3

The supervised release violation for which sentence was imposed arose out of rather bizarre circumstances. A family of Russian immigrants with small children had moved in next to Sweeney's apartment in Tenafly, New Jersey. Noise from the neighbors' apartment caused Sweeney considerable distress, and his requests for quiet, which included a letter in Russian, were unsuccessful. Sweeney then decided to pressure his neighbors to reduce their disturbance by embarking on a campaign of harassment. His antics included cutting off their electricity, causing their mail to be forwarded to Des Moines, Iowa, and circulating letters falsely stating that the head of the neighbors' household was afflicted with AIDS. In an effort to curtail the noise caused by the neighbors' nine-year-old son, Sweeney arranged to have catalogues advertising adult films sent to the son, a step he hoped would cause the father to intercept the material, scold the son, and thereby restrain the son's noisy activities. Sweeney was prosecuted in New Jersey for the state offense of sending obscene materials to a person under eighteen. He pleaded guilty and was sentenced to four months' imprisonment, which he has served.

4

Sweeney acknowledges that he violated a condition of his supervised release by causing obscene materials to be sent to a minor, but urges that his motivation, however misguided, does not warrant extensive punishment, especially in view of the state sentence already served for the same conduct. The Government, although it took no position at sentencing, concedes on appeal that Sweeney did not act with any prurient or profit motive.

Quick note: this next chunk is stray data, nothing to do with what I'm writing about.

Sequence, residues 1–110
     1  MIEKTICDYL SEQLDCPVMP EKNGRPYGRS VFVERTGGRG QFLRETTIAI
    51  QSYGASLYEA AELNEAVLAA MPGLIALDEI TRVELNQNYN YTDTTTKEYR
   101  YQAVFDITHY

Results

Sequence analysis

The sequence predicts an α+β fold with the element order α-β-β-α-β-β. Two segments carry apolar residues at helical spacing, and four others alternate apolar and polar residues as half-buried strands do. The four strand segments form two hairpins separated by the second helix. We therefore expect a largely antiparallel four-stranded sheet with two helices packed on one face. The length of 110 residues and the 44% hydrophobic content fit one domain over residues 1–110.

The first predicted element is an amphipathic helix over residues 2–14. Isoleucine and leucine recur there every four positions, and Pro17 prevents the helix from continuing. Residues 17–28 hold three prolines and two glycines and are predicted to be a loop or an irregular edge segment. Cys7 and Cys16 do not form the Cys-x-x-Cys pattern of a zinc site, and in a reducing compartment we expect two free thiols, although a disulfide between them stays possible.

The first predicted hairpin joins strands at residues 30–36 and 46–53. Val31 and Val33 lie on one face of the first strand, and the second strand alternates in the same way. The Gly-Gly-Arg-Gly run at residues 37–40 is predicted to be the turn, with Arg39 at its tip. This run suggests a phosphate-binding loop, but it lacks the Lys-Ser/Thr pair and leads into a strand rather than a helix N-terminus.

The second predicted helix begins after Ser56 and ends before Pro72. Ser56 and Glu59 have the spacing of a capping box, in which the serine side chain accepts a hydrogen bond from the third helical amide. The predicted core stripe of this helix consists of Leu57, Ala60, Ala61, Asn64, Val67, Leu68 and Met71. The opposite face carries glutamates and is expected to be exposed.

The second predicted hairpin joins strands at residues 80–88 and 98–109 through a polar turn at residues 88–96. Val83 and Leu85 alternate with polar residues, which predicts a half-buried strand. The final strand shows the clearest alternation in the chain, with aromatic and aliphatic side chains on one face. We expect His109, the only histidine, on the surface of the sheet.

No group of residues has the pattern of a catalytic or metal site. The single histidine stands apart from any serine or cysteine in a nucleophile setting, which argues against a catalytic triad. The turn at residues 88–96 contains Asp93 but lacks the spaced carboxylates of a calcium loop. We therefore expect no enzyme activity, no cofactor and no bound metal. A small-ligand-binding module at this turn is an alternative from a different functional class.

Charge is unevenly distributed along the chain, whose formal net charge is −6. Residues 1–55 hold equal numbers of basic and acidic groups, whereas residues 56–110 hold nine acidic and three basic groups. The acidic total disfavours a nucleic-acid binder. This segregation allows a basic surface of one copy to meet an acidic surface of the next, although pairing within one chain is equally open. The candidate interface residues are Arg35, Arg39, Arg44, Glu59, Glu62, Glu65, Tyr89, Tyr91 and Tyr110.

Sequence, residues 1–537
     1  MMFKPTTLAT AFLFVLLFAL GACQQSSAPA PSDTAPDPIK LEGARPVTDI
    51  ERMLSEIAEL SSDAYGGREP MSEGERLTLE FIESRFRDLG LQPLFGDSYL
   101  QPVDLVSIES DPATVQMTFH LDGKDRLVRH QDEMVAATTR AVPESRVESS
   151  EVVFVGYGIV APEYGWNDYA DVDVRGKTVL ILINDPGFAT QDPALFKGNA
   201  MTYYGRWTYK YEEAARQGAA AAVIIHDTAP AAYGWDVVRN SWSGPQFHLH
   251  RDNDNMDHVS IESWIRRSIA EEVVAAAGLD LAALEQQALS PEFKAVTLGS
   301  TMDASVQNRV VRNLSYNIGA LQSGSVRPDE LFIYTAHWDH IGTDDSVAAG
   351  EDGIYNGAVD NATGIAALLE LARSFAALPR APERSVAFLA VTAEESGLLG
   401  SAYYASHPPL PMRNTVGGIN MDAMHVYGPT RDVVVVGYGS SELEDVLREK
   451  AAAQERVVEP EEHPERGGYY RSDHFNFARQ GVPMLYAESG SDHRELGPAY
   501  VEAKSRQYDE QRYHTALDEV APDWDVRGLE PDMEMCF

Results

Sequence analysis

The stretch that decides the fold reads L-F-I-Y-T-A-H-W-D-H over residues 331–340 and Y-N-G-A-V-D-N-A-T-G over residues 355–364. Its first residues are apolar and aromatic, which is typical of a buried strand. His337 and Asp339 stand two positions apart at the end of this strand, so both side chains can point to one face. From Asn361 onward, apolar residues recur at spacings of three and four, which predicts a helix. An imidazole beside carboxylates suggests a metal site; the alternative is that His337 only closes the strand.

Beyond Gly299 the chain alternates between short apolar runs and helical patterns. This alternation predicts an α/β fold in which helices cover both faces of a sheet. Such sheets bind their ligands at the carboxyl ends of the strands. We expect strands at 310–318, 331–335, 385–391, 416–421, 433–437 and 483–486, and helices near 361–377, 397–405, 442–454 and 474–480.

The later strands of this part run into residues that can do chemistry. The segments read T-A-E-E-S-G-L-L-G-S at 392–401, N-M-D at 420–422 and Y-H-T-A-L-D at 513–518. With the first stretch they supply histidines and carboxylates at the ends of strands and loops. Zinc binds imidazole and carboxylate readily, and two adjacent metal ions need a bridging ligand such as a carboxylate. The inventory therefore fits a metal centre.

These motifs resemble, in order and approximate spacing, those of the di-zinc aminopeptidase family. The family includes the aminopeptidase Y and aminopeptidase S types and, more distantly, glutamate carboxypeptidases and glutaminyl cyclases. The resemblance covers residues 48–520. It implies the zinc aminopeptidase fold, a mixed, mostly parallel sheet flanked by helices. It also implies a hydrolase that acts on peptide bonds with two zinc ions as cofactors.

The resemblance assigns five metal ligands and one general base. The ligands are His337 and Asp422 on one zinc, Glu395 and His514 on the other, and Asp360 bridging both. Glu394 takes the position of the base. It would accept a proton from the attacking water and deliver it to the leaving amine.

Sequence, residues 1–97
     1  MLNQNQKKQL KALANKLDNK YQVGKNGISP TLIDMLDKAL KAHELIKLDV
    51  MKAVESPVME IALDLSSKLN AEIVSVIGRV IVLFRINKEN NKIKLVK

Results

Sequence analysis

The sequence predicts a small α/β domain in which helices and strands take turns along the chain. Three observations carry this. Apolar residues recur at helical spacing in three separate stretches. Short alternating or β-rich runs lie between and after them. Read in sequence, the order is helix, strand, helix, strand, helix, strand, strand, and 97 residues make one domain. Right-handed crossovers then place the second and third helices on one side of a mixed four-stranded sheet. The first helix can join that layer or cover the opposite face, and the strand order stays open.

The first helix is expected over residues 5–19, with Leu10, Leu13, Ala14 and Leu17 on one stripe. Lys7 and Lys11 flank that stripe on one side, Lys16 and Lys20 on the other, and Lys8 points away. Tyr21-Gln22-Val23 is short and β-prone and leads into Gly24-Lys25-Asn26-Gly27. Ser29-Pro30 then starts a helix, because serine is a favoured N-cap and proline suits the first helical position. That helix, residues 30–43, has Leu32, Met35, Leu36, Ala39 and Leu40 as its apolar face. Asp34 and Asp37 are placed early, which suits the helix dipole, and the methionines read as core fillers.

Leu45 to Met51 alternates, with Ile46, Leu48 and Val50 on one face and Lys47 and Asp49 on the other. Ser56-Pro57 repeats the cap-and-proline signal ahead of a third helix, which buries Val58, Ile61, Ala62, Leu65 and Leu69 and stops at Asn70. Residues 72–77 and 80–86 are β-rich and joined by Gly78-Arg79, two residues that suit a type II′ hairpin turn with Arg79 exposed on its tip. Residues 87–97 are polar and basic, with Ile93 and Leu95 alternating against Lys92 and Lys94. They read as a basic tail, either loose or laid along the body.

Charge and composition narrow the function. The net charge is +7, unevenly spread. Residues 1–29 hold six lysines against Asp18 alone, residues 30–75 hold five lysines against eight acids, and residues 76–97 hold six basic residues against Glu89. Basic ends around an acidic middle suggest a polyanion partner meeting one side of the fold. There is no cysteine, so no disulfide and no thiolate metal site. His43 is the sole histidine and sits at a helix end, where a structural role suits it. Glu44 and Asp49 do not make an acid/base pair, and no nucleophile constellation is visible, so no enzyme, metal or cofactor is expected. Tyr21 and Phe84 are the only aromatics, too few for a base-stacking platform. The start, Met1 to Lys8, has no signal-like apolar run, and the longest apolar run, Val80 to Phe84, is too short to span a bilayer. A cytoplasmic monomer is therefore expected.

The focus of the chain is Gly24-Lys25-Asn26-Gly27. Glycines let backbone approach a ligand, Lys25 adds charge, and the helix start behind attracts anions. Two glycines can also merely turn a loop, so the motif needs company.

5

The District Court, when faced with a violation of supervised release, has broad discretion to revoke its previous sentence and impose a term of imprisonment for up to two years. See 18 U.S.C. § 3583(e)(3) (1994). In doing so, the District Court is not obliged to follow any binding sentencing guidelines; however, it is directed to consider the non-binding policy statements found in Chapter Seven of the Guidelines Manual. See U.S.S.G. §§ 7B1.1-1.5 (1994). The policy statements applicable to this case recommended revocation of supervised release and a term of imprisonment from eighteen to twenty-four months, based on the facts that the conduct violating supervised release was a "Grade B Violation" and Sweeney was in Criminal History Category V at the time of his original sentencing. See U.S.S.G. §§ 7B1.1(a)(2), 7B1.3(a)(1), 7B1.4 (1995).